Royal Tour – Welcome Ceremony

May 17, 2022

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I acknowledge Newfoundland and Labrador as the homelands of many Indigenous peoples, including the Beothuk. I would also acknowledge the Innu, Inuit and Mi’kmaq.

I’d like to welcome Their Royal Highnesses The Prince of Wales and The Duchess of Cornwall to Canada.

Your Royal Highnesses, your visit will take you to a few communities, including in Canada’s North. I encourage you to speak to Indigenous peoples, to hear their stories, their successes and their solutions. And I encourage you to learn the truth of our history, the good and the bad. In this way, we will promote healing, understanding and respect. 

And, in this way, we also promote reconciliation, which is not one act or project, nor does it have an end date. It’s a lifelong commitment to learning about Indigenous communities and about their lived realities. 

It’s more important than ever to engage in dialogue, particularly as we face global challenges. Challenges such as the ongoing pandemic, the heartbreaking war in Ukraine, and climate change, which is having devastating impacts to our land and way of life, including in the Arctic, where increased melting ice is causing water levels to rise.

We’re stronger when we recognize our diverse voices, and when we create safe spaces where those voices are heard. Today, we welcome you to Canada and invite you to learn our stories and share them wherever you go.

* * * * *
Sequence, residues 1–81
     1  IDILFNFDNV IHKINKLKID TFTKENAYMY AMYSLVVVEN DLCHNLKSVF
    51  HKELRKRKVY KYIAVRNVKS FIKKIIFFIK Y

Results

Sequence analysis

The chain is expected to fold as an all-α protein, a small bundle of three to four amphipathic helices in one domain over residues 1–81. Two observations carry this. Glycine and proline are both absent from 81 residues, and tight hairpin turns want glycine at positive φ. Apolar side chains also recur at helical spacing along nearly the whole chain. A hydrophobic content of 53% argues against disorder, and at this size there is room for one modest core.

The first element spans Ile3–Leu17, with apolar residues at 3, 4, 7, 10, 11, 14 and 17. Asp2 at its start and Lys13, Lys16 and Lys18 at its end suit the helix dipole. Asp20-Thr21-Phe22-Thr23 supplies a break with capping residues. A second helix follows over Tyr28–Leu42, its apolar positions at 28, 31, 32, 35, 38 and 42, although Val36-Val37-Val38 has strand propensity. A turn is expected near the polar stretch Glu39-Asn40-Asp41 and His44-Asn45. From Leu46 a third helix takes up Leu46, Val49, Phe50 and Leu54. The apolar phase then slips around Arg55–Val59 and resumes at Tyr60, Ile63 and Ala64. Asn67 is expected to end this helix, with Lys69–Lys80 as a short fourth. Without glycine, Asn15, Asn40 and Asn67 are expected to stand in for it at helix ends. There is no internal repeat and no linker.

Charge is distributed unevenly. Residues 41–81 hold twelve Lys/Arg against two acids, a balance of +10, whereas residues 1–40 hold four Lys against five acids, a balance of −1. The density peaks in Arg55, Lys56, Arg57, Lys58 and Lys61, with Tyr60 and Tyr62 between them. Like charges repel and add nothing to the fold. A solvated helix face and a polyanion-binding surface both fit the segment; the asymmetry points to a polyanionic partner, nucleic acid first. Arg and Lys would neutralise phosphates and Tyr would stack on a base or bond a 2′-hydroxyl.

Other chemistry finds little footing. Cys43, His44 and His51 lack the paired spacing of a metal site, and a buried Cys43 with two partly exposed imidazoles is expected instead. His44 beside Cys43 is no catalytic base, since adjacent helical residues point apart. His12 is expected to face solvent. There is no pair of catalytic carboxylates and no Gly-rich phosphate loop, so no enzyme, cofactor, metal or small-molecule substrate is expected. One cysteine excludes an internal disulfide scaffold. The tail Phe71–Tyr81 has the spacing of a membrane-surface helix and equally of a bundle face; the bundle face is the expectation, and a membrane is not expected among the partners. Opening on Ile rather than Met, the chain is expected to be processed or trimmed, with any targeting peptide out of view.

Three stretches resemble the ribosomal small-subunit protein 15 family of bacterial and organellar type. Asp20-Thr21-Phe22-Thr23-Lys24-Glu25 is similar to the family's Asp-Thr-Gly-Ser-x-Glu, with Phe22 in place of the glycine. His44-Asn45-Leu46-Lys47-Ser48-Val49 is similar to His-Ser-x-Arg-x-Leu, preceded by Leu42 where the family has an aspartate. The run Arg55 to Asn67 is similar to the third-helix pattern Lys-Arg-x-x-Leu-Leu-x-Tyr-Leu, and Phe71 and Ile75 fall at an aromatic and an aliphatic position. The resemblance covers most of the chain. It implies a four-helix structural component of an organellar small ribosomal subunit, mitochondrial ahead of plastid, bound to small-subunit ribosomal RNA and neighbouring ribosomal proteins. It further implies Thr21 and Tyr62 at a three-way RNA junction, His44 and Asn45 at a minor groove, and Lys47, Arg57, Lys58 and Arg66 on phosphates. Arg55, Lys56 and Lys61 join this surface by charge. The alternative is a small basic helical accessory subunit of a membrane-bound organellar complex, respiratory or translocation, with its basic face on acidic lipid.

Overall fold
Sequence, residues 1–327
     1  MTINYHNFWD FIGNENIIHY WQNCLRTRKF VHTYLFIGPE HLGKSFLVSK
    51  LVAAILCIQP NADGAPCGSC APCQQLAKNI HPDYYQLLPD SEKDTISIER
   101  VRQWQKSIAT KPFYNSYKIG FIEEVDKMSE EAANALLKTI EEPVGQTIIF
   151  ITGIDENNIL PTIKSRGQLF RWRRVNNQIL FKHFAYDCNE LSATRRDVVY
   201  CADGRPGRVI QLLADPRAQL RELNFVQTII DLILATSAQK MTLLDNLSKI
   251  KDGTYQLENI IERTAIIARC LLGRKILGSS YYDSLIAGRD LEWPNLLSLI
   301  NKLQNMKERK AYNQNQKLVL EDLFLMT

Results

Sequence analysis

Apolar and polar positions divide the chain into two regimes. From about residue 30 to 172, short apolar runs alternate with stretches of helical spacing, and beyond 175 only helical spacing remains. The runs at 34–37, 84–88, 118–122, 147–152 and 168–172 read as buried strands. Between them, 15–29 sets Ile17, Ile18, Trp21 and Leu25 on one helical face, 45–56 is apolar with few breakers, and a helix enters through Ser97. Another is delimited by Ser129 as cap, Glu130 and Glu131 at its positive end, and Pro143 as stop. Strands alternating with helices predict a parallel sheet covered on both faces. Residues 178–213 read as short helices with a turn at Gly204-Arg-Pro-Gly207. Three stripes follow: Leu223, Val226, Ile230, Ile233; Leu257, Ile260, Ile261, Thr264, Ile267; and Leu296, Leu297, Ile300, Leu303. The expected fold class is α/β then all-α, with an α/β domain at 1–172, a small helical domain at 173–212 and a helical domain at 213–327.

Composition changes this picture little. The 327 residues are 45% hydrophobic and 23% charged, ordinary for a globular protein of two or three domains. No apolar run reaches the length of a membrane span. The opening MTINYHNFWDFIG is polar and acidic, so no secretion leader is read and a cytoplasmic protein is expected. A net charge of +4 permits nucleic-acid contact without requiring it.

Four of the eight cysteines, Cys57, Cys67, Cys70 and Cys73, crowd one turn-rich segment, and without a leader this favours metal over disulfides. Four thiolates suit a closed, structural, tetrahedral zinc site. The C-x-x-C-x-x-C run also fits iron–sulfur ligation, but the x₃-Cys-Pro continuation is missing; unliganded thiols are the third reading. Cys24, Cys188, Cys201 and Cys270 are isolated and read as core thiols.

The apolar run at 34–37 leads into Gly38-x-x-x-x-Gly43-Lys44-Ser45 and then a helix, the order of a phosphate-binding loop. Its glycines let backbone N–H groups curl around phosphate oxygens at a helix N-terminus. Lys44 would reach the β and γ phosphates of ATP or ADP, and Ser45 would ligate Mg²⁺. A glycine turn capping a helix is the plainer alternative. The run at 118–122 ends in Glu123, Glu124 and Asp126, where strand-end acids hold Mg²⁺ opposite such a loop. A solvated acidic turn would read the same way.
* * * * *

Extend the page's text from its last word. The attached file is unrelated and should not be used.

Canadians are eager to engage with you, to talk to you about the hope we have for the future. Because we do have great hope.

This Royal Tour also marks a milestone occasion: Her Majesty The Queen’s Platinum Jubilee.

For 70 years, Her Majesty has seen the evolution of Canada and heard our stories. She has called Canada her “second home” and we’re grateful for her service and her steadfast presence. The Queen continues to inspire us to get involved and support our communities.

Your Royal Highnesses, I would like to teach you one word in Inuktitut today: ajuinnata. It’s a vital concept for Inuit that has many meanings. It means to never give up. It’s a vow, a promise, to commit yourself to action, no matter daunting the cause may be.

As you travel in Canada, I hope you will keep the idea of ajuinnata with you. Because when we work together, when we put our minds to the task, when we don’t give up, we can accomplish so much.

Welcome to St. John’s and welcome to Canada.

Thank you.